Xuezhu Cai, PhD’20 Followed Her Passion for Advanced Machine Learning Into a LEADERs Fellowship with Merck. Now She’s a Senior Scientist There.

How one alum landed a top job at the booming intersection of healthcare and predictive analytics—fresh out of graduation.

By Anna Fiorentino

It used to take ten years to discover a new drug, but today’s game-changing sequencing methods, like CRISPR screening, allow scientists to identify pharmaceutical targets in half that time or even less. Thanks to machine learning, a large volume of medical images can be analyzed for not one but thousands of potential compounds (across the entire genome) all at once.

The question now is how do we ensure the data is accurate?

That’s why LEADERs alum Xuezhu Cai, PhD’20,bioengineering, now a senior scientist at Merck after completing her LEADERs fellowship with the multinational pharmaceutical leader, has been developing a new accelerated machine learning pipeline. She’s applying deep learning (a network that teaches computers to more accurately process data) to create and analyze clearer multi-dimensional images of cells that may be overlapping or clumping together, for example.

“The traditional way of machine learning is not enough to extract robust features of some organisms,” says Cai. “The old algorithms and statistical models lack data for us to train on or label, so there’s a need to continuously use new advanced models over the models that were developed a decade ago.”

Rewind five years and Cai found herself searching for a needle in a different haystack: her career path. As she decided how to enter the field as a doctor of philosophy, she learned about the Northeastern PhD Network’s LEADERs program from her advisor Craig Ferris, who had been mentoring her in the Center for Translational Neuroimaging. It had been up to Cai to find new connections between different parts of the human brain in neurodegenerative diseases like Alzheimer’s and Parkinson’s (tracking data with partner institutes between 173 brain images with the Brain Atlases project). This was a big job and Ferris was acutely aware of how promising the future was for his talented, young research assistant.

“It was a daunting task. She was marvelous at it,” says Ferris, adding that Cai’s work has since been published in over a dozen journals. “Xuezhu came to us from Yale’s biomedical engineering master’s program and she excelled at working with big numbers.”

At Ferris’ urging, Cai signed up for the LEADERs course, “Leading Self and Others,” 7600, and, from it, walked away with new core management and workplace development skills. She emerged as a natural born leader and people noticed. Cai was placed in a LEADERs fellowship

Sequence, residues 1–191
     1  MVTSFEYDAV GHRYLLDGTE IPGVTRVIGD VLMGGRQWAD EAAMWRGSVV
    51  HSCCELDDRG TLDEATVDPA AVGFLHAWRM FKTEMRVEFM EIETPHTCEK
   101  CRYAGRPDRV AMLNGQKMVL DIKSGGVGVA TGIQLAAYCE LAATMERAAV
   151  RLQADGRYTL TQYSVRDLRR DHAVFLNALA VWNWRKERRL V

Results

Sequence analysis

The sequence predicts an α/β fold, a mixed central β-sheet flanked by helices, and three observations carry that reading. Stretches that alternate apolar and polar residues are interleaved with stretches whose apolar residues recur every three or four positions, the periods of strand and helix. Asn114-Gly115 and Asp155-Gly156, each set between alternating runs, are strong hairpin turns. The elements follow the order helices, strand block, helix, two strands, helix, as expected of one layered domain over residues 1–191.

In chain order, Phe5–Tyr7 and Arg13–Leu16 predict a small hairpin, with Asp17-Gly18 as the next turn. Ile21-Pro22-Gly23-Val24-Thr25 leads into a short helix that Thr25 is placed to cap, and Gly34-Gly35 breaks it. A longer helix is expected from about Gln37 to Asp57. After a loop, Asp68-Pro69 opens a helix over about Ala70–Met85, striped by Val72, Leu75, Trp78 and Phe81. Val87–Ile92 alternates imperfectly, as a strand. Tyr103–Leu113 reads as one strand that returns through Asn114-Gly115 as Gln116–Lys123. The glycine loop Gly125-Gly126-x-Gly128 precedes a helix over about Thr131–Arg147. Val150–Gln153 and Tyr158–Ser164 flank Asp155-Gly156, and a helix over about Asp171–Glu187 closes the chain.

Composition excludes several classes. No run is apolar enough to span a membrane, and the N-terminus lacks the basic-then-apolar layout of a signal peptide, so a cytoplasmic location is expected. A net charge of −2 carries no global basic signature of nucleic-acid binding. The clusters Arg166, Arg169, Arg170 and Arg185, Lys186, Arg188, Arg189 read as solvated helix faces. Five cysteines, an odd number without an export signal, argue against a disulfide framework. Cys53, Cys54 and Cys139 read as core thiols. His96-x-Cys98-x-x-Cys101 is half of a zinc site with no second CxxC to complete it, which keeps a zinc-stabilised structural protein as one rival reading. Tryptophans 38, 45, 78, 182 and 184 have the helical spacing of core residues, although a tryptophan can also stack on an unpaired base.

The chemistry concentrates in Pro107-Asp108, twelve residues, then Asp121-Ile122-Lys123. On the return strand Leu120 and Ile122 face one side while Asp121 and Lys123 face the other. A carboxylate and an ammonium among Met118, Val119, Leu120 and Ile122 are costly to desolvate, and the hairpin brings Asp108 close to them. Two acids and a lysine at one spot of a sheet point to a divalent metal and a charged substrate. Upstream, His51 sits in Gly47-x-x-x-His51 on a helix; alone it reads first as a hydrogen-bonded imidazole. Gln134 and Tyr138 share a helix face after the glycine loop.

at Merck, where she was later hired fresh out of graduation as a senior scientist, making her passion for advanced machine learning the focus of her career.

“That’s the beauty of the LEADERs program. It puts students in industry areas that they’re interested in, even though it may not be exactly what they’re doing in the laboratory,” says Ferris. “It gives them a whole new skillset and it also opens the door immediately for them, through a placement in industry, to be potentially hired afterwards.”

Now, at the bustling intersection of healthcare and predictive analytics (where continued massive job growth is expected), in research and development in Merck’s Image Analytics IT department, Cai is solving big data problems outside a university lab.

“Merck is very research intensive, so it feels like you’re doing a PhD program. It’s like an academic environment,” says Cai. “I had some exposure to confocal microscopy [advanced imaging] during my PhD research, so that opened the door to my LEADERs fellowship. Now I’m dealing with medical imaging from early discovery all the way to the clinical phase.”

She says that there are so many jobs out there for anyone interested in solving new biomedical engineering challenges by way of emerging technologies on this new path to drug discovery. That includes everything from continuous improvement of deep learning to scaling images so they can be transferred onto the cloud for broader, wider, and quicker scientific analyses.

“In high-content screening, cells don’t always act the same way from cell line to cell line, so there are a lot of problems to be solved,” she says. “There are a lot of places where people with this kind of skill can help provide value, as we migrate from traditional methods to deep learning.”

Upon completion of the “Leading Self and Others” course, LEADERs program staff and partner companies select fellows who align with specific industry needs. PhDs are supported through the fellowship application process and placed in a specialized role to solve a problem in industry. They go on to earn a LEADERs’ Experiential PhD leadership certificate, with guidance from an industry mentor and faculty advisor. The program is run by the PhD Network, which helps prepare students to enter the workforce as impactful researchers.

To learn more about earning the LEADERs certificate or partnering with the PhD Network to host a LEADERs fellow at your organization, contact Wendy Eaton, director of LEADERs partnership relations. Follow us on LinkedIn.